47 min 37 sec

Noosheen Hashemi on January's Personalized Tech for Controlling Blood Sugar

7.20.21

Moneyball Medicine®

In a companion interview to his June 7 talk with Stanford's Michael Snyder, Harry speaks this week with Noosheen Hashemi, who—with Snyder—co-founded the personalized health startup January.ai in 2017. The company focuses on helping users understand how their bodies respond to different foods and activities, so they can make diet and exercise choices that help them avoid unhealthy spikes in blood glucose levels.

49 min 21 sec

Intelligencia's Vangelis Vergetis on Building a Successful Drug Pipeline

7.6.21

Moneyball Medicine®

This week Harry sits down with Vangelis Vergetis, the co-founder and co-executive director of Intelligencia, a startup that uses big data and machine learning to help pharmaceutical companies make better decisions throughout the drug development process. Vergetis argues that if you put a group of pharma executives in a conference room, then add an extra chair for a machine-learning system, the whole group ends up smarter—and able to make more accurate predictions about which drug candidates will succeed and which will fail.

53 min 02 sec

Wendy Chung on The Largest Autism Study

6.21.21

Moneyball Medicine®

From her TED talks and her appearances on PBS, geneticist Wendy Chung is known to millions of people as an expert on autism. But thanks to funding from the Simons Foundation, she’s also known to tens of thousands of people with autism and their families as the leader of history’s largest study of the genetics of autism spectrum disorder (ASD). It’s called SPARK, for Simons Foundation Powering Autism Research for Knowledge, and it's a big-data exercise of unprecedented proportions.

50 min 59 sec

Michael Snyder on Using Data to Keep People Healthy

6.7.21

Moneyball Medicine®

Having helped to bring big data to genomics through the lab techniques he invented, such as RNA-Seq, the Stanford molecular biologist Michael Snyder is focused today on how to use data from devices to increase the human healthspan. Some cars have as many as 400 sensors, Snyder notes. "And you can't imagine driving your car around without a dashboard...Yet here we are as people, which are more important than cars, and we're all running around without any sensors on us, except for internal ones." To Snyder, smart watches and other wearable devices should become those sensors, feeding information to our smartphones, which can then be "the health dashboard for humans and just let us know how our health is doing." (You can sign up to participate in the Snyder lab's study of wearables and COVID-19 at https://innovations.stanford.edu/wearables.)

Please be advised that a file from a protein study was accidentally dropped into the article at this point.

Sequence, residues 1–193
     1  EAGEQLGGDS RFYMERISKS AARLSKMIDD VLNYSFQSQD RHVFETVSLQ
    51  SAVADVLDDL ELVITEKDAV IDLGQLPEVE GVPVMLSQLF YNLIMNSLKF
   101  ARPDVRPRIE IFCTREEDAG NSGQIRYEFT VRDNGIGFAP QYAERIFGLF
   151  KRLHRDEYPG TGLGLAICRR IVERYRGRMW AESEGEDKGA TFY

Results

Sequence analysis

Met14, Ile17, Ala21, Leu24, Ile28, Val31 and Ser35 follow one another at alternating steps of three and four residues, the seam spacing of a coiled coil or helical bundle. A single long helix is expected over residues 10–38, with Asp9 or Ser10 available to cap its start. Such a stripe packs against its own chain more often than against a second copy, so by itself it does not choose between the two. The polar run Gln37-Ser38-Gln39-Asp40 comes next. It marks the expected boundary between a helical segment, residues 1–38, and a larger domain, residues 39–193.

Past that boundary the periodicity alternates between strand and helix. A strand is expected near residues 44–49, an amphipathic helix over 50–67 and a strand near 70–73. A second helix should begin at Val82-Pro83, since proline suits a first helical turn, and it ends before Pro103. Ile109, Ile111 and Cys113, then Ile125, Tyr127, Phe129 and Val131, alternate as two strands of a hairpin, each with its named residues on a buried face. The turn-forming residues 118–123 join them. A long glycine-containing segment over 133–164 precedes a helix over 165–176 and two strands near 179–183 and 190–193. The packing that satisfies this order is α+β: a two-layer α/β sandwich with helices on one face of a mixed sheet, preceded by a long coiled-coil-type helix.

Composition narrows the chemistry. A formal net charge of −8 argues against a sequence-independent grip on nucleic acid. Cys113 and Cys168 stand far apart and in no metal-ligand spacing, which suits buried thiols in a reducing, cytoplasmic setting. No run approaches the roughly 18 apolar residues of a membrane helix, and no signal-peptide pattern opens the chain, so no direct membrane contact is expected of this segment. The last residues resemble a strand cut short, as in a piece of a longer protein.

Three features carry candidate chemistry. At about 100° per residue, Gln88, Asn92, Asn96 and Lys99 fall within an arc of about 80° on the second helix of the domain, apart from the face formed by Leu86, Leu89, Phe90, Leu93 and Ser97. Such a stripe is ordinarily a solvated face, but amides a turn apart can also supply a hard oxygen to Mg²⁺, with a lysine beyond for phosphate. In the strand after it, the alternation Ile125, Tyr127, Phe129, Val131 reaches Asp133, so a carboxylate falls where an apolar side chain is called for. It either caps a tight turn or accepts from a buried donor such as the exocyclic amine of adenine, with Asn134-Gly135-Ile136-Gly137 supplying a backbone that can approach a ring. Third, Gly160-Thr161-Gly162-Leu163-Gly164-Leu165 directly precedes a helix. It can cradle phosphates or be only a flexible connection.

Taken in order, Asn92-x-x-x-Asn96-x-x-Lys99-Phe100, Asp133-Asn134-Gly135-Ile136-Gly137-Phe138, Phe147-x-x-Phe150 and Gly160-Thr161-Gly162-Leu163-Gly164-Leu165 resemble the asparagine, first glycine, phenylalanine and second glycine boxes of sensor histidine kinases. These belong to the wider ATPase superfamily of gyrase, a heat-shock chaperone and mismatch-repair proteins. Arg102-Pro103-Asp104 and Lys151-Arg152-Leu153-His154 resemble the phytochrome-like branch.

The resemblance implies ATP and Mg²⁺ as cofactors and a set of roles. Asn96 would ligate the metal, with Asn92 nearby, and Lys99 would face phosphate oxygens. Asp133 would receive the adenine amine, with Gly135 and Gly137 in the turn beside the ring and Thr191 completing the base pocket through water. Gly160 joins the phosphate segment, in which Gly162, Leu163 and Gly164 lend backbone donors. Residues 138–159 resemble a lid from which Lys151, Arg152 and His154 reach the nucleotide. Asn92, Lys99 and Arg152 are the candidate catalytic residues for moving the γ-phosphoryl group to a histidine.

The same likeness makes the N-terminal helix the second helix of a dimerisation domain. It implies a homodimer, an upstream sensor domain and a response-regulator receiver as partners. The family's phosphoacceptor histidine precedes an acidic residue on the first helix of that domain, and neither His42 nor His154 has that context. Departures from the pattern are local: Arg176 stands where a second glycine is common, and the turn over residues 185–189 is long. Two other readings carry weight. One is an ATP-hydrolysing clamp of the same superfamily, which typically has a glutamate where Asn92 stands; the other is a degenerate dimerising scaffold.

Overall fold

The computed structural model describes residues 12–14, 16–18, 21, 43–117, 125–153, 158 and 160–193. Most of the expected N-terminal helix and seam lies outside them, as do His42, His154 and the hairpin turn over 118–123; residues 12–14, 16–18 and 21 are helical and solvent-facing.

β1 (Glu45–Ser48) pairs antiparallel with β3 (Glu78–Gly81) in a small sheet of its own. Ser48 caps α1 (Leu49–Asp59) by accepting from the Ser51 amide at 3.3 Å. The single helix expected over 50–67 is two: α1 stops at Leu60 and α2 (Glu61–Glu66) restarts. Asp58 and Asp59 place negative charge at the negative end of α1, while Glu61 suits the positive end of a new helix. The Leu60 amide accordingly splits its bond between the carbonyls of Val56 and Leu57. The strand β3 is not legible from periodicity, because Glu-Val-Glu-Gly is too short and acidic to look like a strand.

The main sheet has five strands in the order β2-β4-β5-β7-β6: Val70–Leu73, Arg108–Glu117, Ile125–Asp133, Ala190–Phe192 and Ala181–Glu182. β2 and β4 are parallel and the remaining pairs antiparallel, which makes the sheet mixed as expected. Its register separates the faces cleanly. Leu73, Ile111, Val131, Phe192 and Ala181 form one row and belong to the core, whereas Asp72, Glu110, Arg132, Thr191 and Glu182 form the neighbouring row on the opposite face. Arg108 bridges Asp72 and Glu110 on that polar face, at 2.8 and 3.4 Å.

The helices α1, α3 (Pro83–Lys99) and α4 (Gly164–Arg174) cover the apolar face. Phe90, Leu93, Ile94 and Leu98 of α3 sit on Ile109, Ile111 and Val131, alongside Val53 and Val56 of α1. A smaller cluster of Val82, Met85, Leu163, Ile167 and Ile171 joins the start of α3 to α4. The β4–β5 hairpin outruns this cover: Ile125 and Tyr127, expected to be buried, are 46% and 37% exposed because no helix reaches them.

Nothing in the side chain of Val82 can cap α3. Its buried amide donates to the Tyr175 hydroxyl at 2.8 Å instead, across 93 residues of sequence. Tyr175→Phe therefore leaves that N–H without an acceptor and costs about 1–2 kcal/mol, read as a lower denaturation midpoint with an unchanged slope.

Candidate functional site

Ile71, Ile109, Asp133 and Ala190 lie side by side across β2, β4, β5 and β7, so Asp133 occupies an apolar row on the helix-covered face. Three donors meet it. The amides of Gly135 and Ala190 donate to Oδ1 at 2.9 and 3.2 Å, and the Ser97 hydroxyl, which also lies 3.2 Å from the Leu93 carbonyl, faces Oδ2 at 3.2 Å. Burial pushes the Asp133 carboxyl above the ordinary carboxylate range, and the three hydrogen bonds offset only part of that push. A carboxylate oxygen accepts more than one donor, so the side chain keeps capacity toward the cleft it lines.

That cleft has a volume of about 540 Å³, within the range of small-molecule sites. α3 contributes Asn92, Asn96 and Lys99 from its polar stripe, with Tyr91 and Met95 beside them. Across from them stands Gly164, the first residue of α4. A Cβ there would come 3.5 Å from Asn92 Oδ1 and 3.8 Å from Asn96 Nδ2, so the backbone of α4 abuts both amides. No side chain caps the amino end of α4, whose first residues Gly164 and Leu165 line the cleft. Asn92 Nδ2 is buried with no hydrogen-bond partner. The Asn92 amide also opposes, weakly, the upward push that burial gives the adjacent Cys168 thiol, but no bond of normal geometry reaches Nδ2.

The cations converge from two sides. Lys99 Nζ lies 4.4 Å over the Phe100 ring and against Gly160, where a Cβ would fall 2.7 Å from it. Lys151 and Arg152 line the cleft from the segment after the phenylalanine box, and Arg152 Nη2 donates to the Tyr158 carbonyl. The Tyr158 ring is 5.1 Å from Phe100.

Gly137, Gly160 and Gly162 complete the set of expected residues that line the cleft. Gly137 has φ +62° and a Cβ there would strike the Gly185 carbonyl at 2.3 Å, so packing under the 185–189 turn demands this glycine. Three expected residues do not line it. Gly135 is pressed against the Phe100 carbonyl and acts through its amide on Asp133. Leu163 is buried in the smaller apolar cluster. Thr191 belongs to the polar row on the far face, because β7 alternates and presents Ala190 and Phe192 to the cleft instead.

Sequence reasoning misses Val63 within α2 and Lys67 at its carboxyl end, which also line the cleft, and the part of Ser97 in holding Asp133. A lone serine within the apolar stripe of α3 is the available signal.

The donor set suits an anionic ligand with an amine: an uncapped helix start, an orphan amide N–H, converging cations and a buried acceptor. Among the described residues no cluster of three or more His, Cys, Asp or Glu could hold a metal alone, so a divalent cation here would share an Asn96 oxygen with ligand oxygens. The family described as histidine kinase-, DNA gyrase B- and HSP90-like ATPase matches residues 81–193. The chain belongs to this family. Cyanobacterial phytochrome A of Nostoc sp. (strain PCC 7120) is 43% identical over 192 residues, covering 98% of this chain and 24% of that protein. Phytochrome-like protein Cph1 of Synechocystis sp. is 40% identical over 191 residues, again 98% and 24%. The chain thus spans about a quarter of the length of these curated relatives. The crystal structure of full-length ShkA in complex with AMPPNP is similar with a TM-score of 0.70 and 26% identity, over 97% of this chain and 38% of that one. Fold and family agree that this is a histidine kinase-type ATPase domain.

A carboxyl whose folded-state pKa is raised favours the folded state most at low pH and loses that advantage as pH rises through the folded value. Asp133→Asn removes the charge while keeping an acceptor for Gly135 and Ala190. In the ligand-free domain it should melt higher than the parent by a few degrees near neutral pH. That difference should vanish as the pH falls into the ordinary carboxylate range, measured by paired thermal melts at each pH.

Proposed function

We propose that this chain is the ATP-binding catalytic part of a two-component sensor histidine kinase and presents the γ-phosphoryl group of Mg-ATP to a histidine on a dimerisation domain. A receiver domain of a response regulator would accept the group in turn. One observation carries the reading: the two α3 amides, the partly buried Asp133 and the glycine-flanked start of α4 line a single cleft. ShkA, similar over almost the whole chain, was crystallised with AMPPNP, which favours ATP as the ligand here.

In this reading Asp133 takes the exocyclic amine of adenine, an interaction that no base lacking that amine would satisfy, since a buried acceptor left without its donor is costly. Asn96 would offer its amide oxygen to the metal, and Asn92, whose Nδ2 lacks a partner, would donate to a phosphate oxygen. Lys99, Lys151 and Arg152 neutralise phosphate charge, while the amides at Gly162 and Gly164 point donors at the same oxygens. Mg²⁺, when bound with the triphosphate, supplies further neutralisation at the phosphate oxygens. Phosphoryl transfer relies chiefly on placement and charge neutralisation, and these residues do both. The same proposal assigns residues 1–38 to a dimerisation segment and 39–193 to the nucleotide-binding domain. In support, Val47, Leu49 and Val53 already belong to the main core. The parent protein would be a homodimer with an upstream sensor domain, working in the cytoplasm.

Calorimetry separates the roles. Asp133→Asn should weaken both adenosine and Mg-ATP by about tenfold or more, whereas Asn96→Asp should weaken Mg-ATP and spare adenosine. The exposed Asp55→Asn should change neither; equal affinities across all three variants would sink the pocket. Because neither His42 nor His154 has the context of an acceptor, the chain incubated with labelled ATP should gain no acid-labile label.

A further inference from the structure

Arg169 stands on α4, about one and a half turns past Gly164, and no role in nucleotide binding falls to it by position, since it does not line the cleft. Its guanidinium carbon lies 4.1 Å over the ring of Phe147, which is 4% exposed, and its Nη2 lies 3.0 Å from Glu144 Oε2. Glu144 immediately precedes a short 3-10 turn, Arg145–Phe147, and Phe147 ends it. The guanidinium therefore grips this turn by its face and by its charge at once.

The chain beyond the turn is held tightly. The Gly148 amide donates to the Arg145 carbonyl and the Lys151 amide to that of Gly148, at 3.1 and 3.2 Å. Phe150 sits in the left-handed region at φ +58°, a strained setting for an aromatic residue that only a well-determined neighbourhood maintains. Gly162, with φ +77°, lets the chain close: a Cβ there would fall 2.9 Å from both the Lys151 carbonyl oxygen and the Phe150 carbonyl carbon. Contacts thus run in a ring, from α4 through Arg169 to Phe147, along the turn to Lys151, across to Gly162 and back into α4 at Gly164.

55 min 49 sec

Geeking Out about Data with Roche’s Angeli Moeller

5.24.21

Moneyball Medicine®

Angeli Moeller is a molecular biologist, a neuroscientist, a systems biologist, and a data scientist all rolled into one—which makes her a perfect example of the kind of multidisciplinary executive needed for this new digital health ecosystem defined by big data, AI, and machine learning. She's a founding member of the Alliance for Artificial Intelligence in Healthcare, does extensive work for the nonprofit rare disease advocacy group Rare-X, and has spent almost five years managing global data assets and IT partnerships at Bayer. At the beginning of 2021 she became the head of international pharma informatics for Roche, the world’s largest drug company. Harry caught up with her on Zoom in February, and the conversation started with the role of informatics at Roche, but quickly expanded to cover all the areas where deep learning and other forms of AI and data science are transforming drug discovery and healthcare, and what life sciences entrepreneurs need to do to get on board.

57 min 41 sec

How Tag.bio Makes It Easier to Interrogate Your Data

5.10.21

Moneyball Medicine®

The discoveries medical researchers and drug developers can make are constrained by the kinds of questions they can ask of their data. Unfortunately, when it comes to clinical trial data, or gene expression data, or population health data, it feels like you need a PhD in computer science just to know which questions are "askable" and how to frame them. This week, Harry talks with the founders of a startup working to solve that problem.

47 min 03 sec